What about non-human characters?
Human space mostly has humans in it even though there’s plenty of aliens in the universe. In fact, the most common “alien” humans deal with are those members of its own race that have modded themselves to being unlike baseline humans or “Uplifts.” There’s also a return of an old evil in humanity with bio-slavery as sentient androids with human coverings are now ubiquitous tools used by humans. Due to a past disaster, humans generally loathe A.I. but need them so bioroids get a lot of general ill-treatment as well as casual destruction. One of the main characters, Isla Hernandez, is a bioroid masquerading as a human that eventually reveals this fact to Cassius after they’ve been in a relationship for months.
Is there anything special, precious, or unique about your world’s geography or its place in the universe?
I think I do a pretty good job of establishing the geography and cultures of the worlds depicted in the book without overwhelming the reader with info dumps. I want to focus on the characters, primarily, and use the Spiral as a backdrop. I do, however, keep a careful notebook of details so I can make sure everything is consistent. Big details like the economy, politics, and technology level affect the smaller details like how people live.
What are the two most interesting facts or features of your world?
The setting provides an answer to Fermi’s Paradox about why, even though the galaxy does have alien races, it mostly is a bunch of empty barren lifeless worlds.
It also contains a staggering amount of double-crosses, betrayals, and hidden identities for an adventure tale. Finally, if you like starfighter combat, I think you’ll really enjoy this.
How does the landscape or geography of your world affect the plot or theme of the story?
I have a lot of fun with using the geography of each world to set mood. The planet Crius was a beautiful and picturesque planet of noble estates with genetically engineered dragons as well as unicorns. Its moons, however, were industrial hell holes that kept people in slave conditions to prop it up while hundreds of subject worlds were pillaged to keep up the homeworld’s luxury. The planet Xerxes is a desert world with constant insurrection against the Crius (and later Commonwealth) but its lack of resources means just as many citizens side with occupiers in exchange for trade to keep their lives going. The Melampus, itself, is a cramped and yet still large location that forces the crew into learning each other’s secrets.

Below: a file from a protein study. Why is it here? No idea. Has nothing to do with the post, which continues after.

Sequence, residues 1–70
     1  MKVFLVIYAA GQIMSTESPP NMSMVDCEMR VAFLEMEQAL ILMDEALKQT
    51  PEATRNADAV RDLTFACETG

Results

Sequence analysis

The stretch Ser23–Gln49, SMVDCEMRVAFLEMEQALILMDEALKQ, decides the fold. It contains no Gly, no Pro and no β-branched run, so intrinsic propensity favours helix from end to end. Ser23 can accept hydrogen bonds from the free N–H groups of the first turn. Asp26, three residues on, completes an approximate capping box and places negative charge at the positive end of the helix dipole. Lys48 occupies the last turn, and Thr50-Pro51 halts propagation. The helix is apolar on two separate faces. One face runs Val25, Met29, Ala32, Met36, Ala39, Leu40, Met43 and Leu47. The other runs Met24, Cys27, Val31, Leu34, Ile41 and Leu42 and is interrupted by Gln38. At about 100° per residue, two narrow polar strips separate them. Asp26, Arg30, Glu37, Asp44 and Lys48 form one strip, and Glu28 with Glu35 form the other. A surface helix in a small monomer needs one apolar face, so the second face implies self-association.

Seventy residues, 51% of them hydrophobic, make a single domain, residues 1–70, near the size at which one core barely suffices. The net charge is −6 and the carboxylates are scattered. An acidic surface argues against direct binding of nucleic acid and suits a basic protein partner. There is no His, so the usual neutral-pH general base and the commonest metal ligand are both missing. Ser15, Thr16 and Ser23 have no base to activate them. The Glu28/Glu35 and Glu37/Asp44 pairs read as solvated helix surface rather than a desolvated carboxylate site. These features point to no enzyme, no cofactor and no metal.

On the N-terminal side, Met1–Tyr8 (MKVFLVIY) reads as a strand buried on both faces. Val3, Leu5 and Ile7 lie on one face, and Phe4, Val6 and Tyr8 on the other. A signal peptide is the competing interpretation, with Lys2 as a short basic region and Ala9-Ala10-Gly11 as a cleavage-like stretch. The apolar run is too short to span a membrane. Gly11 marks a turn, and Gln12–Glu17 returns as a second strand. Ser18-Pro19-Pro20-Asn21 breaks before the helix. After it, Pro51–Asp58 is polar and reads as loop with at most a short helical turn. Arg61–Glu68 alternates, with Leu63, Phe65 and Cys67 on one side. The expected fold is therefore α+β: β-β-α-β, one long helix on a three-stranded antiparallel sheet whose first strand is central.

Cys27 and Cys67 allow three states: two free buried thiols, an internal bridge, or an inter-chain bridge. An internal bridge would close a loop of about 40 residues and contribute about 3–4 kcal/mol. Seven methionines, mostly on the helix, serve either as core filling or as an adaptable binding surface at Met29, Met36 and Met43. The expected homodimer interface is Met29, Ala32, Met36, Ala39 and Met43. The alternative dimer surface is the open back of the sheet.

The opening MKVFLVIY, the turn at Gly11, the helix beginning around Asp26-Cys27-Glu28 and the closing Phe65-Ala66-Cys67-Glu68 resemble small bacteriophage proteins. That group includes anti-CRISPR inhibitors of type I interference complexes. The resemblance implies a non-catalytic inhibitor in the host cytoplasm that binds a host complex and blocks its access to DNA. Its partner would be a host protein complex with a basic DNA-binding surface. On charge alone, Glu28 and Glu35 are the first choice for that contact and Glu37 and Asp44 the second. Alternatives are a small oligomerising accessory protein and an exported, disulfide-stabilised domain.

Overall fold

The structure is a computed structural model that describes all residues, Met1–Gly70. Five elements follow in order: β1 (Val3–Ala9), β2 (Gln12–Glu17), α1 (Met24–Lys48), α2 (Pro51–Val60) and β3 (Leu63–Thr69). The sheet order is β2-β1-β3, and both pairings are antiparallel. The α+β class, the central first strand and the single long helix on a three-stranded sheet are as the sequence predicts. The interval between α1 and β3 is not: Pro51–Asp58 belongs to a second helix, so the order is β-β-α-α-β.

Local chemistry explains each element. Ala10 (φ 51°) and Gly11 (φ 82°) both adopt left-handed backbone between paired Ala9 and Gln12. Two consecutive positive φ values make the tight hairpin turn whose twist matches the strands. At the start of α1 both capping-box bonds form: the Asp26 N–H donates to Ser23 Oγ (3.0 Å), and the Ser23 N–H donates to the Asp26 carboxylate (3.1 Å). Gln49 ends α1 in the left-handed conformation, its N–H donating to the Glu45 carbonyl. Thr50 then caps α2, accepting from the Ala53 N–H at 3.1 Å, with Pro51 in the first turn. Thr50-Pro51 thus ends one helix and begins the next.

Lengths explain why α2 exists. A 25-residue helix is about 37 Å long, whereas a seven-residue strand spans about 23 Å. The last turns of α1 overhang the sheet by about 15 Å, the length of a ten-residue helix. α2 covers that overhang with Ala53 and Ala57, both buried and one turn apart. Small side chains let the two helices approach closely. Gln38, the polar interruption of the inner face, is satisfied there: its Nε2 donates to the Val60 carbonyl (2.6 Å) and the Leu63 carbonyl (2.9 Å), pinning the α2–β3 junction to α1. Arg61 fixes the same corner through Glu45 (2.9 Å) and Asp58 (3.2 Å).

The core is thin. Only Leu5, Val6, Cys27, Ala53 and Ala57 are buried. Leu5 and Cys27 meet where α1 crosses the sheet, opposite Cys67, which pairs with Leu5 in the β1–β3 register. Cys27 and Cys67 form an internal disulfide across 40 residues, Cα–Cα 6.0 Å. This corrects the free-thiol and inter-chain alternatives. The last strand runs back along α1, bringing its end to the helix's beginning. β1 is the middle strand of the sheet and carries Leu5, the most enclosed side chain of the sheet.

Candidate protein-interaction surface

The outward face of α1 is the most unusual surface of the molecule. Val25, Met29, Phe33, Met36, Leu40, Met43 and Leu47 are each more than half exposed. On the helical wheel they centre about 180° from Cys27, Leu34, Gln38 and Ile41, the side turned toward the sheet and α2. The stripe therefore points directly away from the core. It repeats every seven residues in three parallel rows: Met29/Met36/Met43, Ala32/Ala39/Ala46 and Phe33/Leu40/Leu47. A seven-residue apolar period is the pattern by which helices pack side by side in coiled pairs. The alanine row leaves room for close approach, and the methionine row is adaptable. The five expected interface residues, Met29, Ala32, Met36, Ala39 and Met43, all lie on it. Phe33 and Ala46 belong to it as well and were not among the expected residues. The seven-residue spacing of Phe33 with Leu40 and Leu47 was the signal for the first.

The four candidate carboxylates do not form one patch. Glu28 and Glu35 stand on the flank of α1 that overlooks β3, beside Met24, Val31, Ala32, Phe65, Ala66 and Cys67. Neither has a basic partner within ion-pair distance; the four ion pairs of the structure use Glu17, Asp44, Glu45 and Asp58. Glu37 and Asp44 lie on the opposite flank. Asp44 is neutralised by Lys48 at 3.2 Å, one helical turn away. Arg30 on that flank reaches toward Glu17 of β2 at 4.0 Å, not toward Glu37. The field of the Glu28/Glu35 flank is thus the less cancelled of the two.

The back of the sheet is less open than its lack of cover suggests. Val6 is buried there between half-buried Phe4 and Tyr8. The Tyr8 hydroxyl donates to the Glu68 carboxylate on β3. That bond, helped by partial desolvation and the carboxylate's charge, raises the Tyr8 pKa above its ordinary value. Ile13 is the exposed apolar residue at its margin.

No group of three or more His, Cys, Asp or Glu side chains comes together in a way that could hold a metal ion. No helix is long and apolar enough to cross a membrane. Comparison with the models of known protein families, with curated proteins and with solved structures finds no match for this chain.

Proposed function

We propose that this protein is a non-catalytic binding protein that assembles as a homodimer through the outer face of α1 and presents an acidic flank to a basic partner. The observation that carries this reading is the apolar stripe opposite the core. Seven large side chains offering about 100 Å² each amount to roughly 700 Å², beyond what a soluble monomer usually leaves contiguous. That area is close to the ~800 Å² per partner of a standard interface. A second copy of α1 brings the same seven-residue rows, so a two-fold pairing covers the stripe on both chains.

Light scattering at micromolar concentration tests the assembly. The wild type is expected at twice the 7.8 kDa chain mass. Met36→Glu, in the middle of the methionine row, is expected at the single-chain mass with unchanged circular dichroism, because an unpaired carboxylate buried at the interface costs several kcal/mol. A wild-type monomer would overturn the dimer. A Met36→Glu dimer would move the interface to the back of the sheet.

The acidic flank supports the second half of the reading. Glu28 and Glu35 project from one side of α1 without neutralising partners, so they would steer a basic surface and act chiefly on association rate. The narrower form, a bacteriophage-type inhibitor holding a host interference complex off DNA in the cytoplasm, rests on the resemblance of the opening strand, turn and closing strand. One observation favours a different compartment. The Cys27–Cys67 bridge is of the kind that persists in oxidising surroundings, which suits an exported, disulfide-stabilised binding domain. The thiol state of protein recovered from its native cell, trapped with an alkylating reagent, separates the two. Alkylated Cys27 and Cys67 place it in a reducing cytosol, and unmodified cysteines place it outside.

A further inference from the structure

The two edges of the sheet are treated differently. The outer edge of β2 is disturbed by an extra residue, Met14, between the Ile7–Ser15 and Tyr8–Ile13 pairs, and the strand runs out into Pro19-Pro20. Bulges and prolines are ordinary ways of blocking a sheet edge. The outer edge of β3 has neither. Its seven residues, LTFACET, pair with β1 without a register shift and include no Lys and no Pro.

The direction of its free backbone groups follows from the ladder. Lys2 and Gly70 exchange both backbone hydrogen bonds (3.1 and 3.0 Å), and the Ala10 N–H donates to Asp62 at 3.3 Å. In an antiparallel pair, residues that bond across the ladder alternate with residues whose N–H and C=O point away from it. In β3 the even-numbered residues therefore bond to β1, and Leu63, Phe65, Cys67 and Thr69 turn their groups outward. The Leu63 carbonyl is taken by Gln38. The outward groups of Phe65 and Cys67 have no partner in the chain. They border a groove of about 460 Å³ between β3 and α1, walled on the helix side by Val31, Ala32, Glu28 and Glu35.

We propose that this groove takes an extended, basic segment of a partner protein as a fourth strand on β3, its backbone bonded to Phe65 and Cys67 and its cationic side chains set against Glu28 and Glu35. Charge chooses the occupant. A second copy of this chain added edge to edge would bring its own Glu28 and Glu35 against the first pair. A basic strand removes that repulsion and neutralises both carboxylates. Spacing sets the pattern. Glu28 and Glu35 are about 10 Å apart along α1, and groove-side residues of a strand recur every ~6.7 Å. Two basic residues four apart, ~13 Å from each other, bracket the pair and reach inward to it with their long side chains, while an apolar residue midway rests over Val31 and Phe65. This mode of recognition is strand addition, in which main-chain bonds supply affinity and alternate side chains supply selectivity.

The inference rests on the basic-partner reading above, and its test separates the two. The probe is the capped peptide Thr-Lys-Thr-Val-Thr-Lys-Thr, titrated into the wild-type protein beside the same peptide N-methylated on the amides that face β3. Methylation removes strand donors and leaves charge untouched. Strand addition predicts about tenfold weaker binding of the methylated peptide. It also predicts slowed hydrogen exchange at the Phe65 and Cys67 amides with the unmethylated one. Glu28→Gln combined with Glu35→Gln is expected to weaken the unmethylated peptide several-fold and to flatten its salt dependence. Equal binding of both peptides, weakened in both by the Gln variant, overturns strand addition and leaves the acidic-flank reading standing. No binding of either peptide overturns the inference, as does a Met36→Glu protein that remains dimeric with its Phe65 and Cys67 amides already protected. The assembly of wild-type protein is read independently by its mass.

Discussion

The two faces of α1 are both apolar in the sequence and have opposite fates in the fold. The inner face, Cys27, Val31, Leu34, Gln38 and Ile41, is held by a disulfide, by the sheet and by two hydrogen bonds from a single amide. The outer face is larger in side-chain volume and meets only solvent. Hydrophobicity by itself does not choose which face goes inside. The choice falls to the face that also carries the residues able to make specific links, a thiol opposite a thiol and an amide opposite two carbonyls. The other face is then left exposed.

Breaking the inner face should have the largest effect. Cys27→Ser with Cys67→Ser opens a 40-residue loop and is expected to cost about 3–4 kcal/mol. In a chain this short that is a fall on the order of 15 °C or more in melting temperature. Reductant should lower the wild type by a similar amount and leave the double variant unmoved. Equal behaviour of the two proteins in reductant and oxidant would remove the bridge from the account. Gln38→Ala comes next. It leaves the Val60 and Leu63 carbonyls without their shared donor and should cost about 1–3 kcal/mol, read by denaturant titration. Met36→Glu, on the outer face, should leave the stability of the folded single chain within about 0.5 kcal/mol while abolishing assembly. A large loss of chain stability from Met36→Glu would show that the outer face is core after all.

Is there a religious system in place?
Religion has survived into the 3rd millennium with lots of characters having various beliefs or lack of them. Cassius was raised in the state church of Crius that was a vehicle for propaganda that he recognizes as full of falsehoods but maintains a private personal faith. Another character is a Buddhist but, as others observe, not very good at it. A race of transhumans venerates the ancient species near the galactic core that have abandoned organic bodies to become godlike machines who avoid contact with lesser races.
What is one last thing you would like readers to know all about your world?
It’s part of a series with the second book in manuscript form. The first book is also coming out in paperback and audiobook form this month.